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Slipping chicks under a silkie- got the basics, but still some q's...

Discussion in 'Raising Baby Chicks' started by brandislee, Nov 18, 2011.

  1. brandislee

    brandislee Chillin' With My Peeps

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    Feb 15, 2011
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    I get the basic premiss of slipping chicks under a broody hen- wait until they've been sitting a while (we're at 22 days and counting- the poor girl's eggs didn't hatch), slip chicks under one at a time overnight, watch carefully to see how they react the next day, etc.

    My questions- is biosecurity an issue with 2-3 day old chicks? I'm getting these chicks from someone I found on Craigslist because I can't find a hatchery with chicks available in small enough numbers- I don't have enough space to house 15+ more chicks over the winter. If I get there (two hour round trip) and things don't look kosher I should just say no thank you, right? I'm also apprehensive because she's asking $4 a chick for cross bred chicks, which I think is way too much, but I kind of feel like right now beggars can't be choosers, right?

    Also, the ad lists 8 chicks available. I really only want like 2-4, but I hate to leave 4 behind with the possibility she won't find a home for them (I'm a sucker like that...). I'm kind of hoping she'll only have a few left. Anyway, if I end up with 8 is that too many chicks for a silkie mom? It's super cold here (didn't get above freezing yesterday) so enough warmth to go around is important. I also have a little red frizzle hen who has been "helping" to brood the eggs, so maybe she'll help with the chicks too, but she's been on again/off again while the silkie has sat pretty constantly. But they bed down together in the same spot on the floor at night, so maybe that will make it easier for them to mother together.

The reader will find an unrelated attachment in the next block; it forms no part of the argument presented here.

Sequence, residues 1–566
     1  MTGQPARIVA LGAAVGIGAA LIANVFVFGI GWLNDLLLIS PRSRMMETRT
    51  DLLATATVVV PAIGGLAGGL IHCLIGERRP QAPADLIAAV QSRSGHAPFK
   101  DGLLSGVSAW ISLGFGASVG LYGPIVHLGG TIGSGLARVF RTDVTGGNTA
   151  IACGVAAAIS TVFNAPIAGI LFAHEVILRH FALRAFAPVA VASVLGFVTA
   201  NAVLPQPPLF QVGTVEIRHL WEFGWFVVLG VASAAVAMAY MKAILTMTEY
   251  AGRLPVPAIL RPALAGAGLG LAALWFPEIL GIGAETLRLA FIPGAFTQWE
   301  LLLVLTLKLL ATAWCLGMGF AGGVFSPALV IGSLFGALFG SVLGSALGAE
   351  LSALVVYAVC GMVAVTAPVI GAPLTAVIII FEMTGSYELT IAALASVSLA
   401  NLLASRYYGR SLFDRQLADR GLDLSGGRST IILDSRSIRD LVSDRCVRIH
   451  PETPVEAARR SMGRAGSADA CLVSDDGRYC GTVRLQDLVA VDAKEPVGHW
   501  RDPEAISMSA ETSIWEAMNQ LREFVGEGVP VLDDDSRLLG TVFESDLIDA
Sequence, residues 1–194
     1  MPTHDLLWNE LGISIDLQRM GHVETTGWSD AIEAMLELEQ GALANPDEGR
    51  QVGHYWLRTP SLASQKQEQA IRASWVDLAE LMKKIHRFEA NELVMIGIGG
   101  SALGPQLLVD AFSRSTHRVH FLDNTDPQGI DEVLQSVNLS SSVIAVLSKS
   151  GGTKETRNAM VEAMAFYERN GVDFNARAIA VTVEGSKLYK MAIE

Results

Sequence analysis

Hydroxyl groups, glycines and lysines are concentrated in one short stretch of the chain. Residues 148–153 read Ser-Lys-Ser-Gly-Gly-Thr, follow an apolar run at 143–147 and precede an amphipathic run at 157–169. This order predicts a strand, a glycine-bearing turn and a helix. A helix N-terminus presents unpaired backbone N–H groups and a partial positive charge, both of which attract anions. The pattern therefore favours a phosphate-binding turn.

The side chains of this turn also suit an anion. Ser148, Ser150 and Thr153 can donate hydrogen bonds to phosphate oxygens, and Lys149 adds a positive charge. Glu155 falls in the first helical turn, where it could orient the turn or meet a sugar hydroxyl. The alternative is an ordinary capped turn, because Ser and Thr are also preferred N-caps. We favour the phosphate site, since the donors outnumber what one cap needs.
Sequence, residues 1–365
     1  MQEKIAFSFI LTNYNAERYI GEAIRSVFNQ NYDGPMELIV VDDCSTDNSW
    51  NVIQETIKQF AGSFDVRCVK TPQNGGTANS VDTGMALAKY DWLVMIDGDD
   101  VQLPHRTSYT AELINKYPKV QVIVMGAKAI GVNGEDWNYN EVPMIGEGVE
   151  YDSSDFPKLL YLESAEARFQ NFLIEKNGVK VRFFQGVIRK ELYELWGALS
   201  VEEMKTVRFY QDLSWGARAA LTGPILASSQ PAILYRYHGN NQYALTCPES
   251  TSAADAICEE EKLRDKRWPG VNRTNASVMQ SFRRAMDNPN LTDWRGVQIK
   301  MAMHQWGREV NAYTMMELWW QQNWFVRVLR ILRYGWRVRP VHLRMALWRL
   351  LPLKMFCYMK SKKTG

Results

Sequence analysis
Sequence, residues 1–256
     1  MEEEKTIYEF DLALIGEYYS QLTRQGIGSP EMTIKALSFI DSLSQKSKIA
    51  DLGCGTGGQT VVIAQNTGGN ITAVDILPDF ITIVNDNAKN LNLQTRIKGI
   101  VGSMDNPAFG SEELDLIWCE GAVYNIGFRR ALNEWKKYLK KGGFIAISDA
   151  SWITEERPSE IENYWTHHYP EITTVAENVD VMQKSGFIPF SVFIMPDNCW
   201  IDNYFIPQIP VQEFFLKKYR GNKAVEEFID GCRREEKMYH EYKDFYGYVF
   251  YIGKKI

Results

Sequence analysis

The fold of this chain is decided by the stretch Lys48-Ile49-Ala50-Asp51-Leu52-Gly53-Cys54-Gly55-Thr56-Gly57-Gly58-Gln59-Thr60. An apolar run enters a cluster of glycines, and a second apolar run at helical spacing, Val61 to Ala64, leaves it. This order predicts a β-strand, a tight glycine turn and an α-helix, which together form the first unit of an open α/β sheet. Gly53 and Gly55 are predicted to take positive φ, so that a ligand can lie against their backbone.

Oh, and if I get chicks and after the chicks have been slipped under and accepted (if all goes well), I'm going to move the chicks, the two little hens, and my little frizzle rooster (all three bantams sleep together at night, and during this brooding the little rooster would defend the other two, plus I figure they need the warmth of that one additional body) to my isolation pen not because I'm worried about the other chickens, but because I'm worried about the cats getting at them. I let the other chickens free range and the cats don't bother them, but I know that a chick will be too much of a temptation to them. And even if I keep the chickens in their run the cats can climb the fence. But my isolation pen is sealed up tight, top and bottom, so I figure it will be safer until the chicks are bigger. But my concerns with doing this are- 1) will the little bantams be warm enough? The shelter in my isolation pen is an insulated dog house (and there is tarp over half the pen for additional shelter from precipitation) and when it's windy I prop boards in front of the door to block the wind while leaving a gap for entry/exit. I don't (and won't) use any supplementary heat unless I have chicks without a broody because I believe supplemental heat causes more harm than good. And 2) I'm worried about re-integration into the flock after a separation like that.

    Sorry, that's way longer than I meant it to be. But I appreciate any help!
     
  2. JK Farm

    JK Farm Out Of The Brooder

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    If you're wanting a small amount of chicks, Ideal Hatchery (in OH) doesn't have a minimum limit on the number of chicks you can order. And Meyer Hatchery (also in OH) only has a 3-chick minimum. You'd be able to get chicks that aren't crossbred, and they won't cost as much either.

    ETA: I can't give any advice on keeping them warm. I haven't bought my chicks yet, but am doing a lot of research on the subject, which is how I know about the hatchery minimums. Good luck!
     
    Last edited: Nov 18, 2011
  3. brandislee

    brandislee Chillin' With My Peeps